Marge: Since you are salaried, you can work on things at home if you want to after office hours are over. Is that what you mean?
[Marge knows what Blake is getting at, but she can set up the conversation so that he must directly ask her for remote privileges. It’s important that the conversation is clear and each person comes away from it with the same understanding, so ensure you remain in control of hard talks by preventing employees from beating around the bush.]
Blake: Not quite, I mean spending weekdays at home working on things that I am spending too much time on in the office.
Marge: You’re asking if you can work from home regularly on certain days of the week?
Blake: Yeah, I guess.
[Reiterate the question back to the employee in plain words. This may point out to them that they are requesting something they know they shouldn’t.]
Marge: You were hired under the expectation that you would be working in the office full-time. Is that right?
[Marge and Blake are, essentially, having two separate conversations. Blake is trying to ask if he can do certain tasks at home; Marge is redirecting the conversation to whether or not Blake agreed to certain expectations and if they are clear to him.]
Blake: Well, yes, but I think this would be better for my work.
Marge: The Culture Guide that you signed your acknowledgment of during your training also states the times you must be in the office, from 8 a.m. to 5 p.m. Monday through Friday.
[Having a Culture Guide that employees must sign their understanding of during onboarding protects Marge from liability if someone tries to argue that an expectation was not clear. In this case, she is extra glad for its protection.]
Blake: I did sign it, yes.
Marge: Were the expectations in it not clear?
Blake: They were clear.
Marge: You can find it in your portal if you want to review it. Can I help you with anything else?
Blake: No, no, that’s fine. Thanks, Marge.
Marge: You’re welcome.
Example: Redirecting Polarizing Conversations
Many conversations you want to redirect may be on polarizing topics. These are things like religion, politics, etc. Maintaining a productive, welcoming work environment is especially important, and conversations about certain things can get out of hand—hurting your workplace culture and even setting individuals at odds with one another.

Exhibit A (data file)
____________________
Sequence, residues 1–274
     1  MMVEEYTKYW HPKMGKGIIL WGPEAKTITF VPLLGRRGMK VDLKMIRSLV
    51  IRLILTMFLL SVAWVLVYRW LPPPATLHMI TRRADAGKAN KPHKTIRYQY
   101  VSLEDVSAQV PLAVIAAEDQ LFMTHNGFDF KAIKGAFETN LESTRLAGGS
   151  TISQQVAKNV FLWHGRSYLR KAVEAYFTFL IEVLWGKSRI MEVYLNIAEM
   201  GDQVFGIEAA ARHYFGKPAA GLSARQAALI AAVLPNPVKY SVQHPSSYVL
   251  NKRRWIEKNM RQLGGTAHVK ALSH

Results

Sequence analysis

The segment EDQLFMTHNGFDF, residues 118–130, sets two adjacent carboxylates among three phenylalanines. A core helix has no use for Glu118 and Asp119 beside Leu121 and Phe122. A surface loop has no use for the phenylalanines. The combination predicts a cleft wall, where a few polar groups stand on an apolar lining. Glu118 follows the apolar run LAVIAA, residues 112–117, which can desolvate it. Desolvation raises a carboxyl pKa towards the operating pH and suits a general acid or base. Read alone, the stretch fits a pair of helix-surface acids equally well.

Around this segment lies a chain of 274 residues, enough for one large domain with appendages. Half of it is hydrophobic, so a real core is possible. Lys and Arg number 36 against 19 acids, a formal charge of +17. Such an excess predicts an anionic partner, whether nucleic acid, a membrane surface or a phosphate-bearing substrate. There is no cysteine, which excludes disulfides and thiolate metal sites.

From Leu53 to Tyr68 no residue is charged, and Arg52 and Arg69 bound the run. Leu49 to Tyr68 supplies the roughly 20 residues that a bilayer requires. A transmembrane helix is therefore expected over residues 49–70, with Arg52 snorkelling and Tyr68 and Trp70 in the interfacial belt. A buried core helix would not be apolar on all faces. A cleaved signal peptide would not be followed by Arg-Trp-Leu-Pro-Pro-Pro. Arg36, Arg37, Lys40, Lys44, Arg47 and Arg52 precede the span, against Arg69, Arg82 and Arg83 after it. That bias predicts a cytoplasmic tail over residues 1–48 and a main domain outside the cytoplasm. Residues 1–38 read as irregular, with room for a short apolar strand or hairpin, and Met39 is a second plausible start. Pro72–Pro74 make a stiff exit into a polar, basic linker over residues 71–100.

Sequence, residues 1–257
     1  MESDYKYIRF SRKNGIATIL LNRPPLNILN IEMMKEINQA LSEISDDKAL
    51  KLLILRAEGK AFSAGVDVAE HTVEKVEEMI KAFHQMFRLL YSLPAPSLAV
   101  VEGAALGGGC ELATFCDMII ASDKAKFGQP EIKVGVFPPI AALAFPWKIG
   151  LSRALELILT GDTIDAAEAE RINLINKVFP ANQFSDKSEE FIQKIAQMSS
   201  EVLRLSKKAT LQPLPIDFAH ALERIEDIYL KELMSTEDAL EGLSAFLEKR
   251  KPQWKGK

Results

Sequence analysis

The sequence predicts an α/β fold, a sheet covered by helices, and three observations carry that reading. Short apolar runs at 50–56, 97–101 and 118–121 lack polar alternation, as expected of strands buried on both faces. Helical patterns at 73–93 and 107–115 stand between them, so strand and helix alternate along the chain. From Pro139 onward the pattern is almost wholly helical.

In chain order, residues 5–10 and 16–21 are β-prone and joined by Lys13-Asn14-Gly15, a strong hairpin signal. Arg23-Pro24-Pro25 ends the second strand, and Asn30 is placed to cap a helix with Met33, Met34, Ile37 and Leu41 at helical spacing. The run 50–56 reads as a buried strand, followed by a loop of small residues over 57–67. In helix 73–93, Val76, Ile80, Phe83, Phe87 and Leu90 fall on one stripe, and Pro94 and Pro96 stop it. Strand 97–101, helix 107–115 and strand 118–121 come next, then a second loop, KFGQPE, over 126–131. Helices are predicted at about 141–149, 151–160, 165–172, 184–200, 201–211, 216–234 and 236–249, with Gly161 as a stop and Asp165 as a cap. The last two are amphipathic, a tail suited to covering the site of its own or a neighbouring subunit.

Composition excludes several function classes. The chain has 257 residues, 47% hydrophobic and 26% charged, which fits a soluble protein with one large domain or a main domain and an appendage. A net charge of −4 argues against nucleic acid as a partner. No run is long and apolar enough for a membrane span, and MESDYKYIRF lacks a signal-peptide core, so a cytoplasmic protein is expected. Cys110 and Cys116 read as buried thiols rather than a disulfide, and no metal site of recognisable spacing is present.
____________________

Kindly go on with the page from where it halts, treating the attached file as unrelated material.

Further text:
Here’s how an HR professional, Mikayla, gently redirected a polarizing conversation.
Joshua: Hey, did y’all see what the President did this past weekend?
[Oh no! Politics are well-recognized as one of the biggest no-go talking points in a professional workplace.]
Mikayla: No, I don’t watch the news on weekends when I can check out the new season of my Netflix show. Did anyone else happen to catch up on Bridgerton?
[She redirected the topic by diverting it to safer waters. Not everyone will be able to discuss Bridgerton’s newest season, but people are less likely to have divisive opinions about a popular TV period drama. And while changing the topic might be a tad obvious, it allows everyone else present to hop on the bandwagon and avoid discussing politics. It also lets Joshua gracefully disengage from a potentially treacherous topic.]
There are many ways to redirect conversations like this that keep people social without treading into potentially dangerous waters. You can watch more in our episode below to better understand how these kinds of conversations can be harmful, and how HR can strategize to redirect them—or, in some cases, shut them down.
You can stay informed, educated, and up to date with important HR topics using BerniePortal’s comprehensive resources:
- BernieU—free online HR courses, approved for SHRM and HRCI recertification credit
- BerniePortal Blog—a one-stop shop for HR industry news
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- Resource Library—essential guides covering a comprehensive list of HR topics
- HR Party of One—our popular YouTube series and podcast, covering emerging HR trends and enduring HR topics